Holburn, G. L. F., & Zelner, B. A. (2010). Political capabilities, policy risk and international investment strategy: Evidence from the global electric power industry. Strategic Management Journal, 31, 1290-1315.

Hoskisson, R., Wright, M., Filatotchev, I. & Peng, M. W. (2013). Emerging multinationals from mid-range economies: The influence of institutions and factor markets. Journal of Management Studies, 50, 1295-1321.

Johanson, J., & Vahlne, J. E. (1977). The internationalization process of the firm: A model of knowledge development and increasing foreign market commitments. Journal of International Business Studies, 8, 23-32.

Luo, Y., & Tung, R. L. (2007). International expansion of emerging market enterprises: A springboard perspective. Journal of International Business Studies, 38, 481-498.

Luo, Y. & Shenkar, O. (2011). Toward a perspective of cultural friction in international business. Journal of International Management, 17, 1-14.

Luo, Y., & Wang, S. L. (2012). Foreign direct investment strategies by developing country multinationals: A diagnostic model for home country effects. Global Strategy Journal, 2, 244-261.

Meyer, K., Estrin, S., Bhaumik, S., & Peng, M. W. (2009). Institutions, resources, and entry strategies in emerging economies. Strategic Management Journal, 30, 61-80.

Ramamurti, R. (2009). What have we learned about emerging market multinationals? In R. Ramamurti & J. V. Singh (Eds.) Emerging multinationals in emerging markets (pp. 399-426). Cambridge UK: Cambridge University Press.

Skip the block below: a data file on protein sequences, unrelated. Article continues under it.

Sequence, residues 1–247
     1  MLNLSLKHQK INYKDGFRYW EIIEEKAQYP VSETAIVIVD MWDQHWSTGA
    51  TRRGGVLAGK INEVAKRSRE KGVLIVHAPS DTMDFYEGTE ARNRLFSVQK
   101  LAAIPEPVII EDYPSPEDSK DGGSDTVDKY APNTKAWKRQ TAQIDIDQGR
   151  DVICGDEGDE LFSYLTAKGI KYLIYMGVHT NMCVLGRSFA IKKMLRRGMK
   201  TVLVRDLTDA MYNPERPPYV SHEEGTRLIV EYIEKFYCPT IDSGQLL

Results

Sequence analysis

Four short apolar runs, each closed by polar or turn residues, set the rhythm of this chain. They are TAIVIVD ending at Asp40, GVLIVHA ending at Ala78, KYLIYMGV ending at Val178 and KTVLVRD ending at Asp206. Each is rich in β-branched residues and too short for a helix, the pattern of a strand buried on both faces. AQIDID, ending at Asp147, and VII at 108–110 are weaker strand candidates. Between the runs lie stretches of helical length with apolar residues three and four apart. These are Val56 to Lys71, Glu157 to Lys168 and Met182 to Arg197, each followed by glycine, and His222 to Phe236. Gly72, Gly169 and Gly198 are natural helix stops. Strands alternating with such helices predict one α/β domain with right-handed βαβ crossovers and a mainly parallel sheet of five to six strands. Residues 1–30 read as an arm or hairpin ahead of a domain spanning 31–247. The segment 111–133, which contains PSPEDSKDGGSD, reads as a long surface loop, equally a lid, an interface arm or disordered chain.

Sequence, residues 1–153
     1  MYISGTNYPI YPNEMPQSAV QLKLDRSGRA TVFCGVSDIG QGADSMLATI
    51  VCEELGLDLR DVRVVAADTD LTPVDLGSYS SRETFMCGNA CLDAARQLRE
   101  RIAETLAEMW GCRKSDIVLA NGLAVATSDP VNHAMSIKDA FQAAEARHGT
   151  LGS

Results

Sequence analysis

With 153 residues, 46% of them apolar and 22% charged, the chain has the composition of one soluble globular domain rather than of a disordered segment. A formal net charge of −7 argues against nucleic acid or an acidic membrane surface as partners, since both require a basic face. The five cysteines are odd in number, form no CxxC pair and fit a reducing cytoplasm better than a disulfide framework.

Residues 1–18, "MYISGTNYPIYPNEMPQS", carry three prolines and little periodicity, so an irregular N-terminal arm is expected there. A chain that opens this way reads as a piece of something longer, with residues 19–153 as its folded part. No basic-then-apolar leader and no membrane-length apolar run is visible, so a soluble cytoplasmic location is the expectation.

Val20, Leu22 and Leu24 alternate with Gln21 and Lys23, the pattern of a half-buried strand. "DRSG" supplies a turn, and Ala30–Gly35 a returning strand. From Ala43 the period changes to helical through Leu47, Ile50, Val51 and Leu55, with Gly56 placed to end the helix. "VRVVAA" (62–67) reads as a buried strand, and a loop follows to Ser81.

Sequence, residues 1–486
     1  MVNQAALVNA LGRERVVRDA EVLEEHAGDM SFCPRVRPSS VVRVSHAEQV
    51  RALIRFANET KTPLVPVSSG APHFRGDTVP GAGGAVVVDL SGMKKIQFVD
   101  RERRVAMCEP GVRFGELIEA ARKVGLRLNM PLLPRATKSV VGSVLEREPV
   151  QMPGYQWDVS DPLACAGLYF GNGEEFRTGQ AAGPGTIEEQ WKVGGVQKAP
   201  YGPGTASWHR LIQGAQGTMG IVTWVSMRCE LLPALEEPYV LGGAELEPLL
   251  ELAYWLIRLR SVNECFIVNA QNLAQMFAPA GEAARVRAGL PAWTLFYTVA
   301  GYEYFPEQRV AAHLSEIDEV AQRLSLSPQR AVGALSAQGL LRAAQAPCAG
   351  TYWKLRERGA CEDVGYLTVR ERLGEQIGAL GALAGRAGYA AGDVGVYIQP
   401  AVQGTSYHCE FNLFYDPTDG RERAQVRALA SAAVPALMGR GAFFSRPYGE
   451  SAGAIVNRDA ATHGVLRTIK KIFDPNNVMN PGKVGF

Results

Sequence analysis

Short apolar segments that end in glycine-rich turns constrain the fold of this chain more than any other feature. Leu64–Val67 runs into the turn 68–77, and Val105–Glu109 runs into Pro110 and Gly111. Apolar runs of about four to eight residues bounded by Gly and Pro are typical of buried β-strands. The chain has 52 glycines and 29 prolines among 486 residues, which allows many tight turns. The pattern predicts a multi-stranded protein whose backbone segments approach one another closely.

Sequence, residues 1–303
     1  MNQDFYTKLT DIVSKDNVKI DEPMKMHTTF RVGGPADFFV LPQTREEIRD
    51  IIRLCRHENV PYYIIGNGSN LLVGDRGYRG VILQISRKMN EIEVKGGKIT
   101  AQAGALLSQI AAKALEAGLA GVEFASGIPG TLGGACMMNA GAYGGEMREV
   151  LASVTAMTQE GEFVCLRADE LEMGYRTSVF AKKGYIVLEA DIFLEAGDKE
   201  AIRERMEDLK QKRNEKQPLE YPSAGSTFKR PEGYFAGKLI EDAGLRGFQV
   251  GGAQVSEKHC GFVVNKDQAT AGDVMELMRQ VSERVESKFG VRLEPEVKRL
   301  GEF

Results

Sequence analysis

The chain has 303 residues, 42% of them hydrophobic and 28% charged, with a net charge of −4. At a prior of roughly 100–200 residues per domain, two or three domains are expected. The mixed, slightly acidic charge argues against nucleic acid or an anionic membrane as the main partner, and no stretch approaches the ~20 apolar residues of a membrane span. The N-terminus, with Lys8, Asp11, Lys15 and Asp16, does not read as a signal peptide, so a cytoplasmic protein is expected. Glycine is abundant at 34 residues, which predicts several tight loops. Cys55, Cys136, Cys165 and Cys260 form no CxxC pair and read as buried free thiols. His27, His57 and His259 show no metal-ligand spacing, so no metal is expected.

Ramamurti, R. (2012). What is really different about emerging market multinationals? Global Strategy Journal, 2, 41-47.

Ramamurti, R., & Singh, J. V. (Eds.). (2009). Emerging multinationals from emerging markets. Cambridge, UK: Cambridge University Press.

Rugman, A.M. (2010). Do we need a new theory to explain emerging market MNEs? In K. P. Sauvant, W. A. Maschek & G. A. McAllister (Eds.), Foreign direct investments from emerging markets: The challenges ahead. New York: Palgrave Macmillan.

Sauvant, K. P. (Ed.). (2008). The rise of transnational corporations from emerging markets: Threat or opportunity? Northampton, MA: Edward Elgar.

Wilkins, M. (1986). Japanese multinational enterprises before 1914. Business History Review, 60, 199-232.

Williamson, P., Ramamurti, R., Fleury, A., & Fleury, M. T. (Eds.). (2013). Competitive advantages of emerging country multinationals. Cambridge: Cambridge University Press.

Thursday, May 26, 2016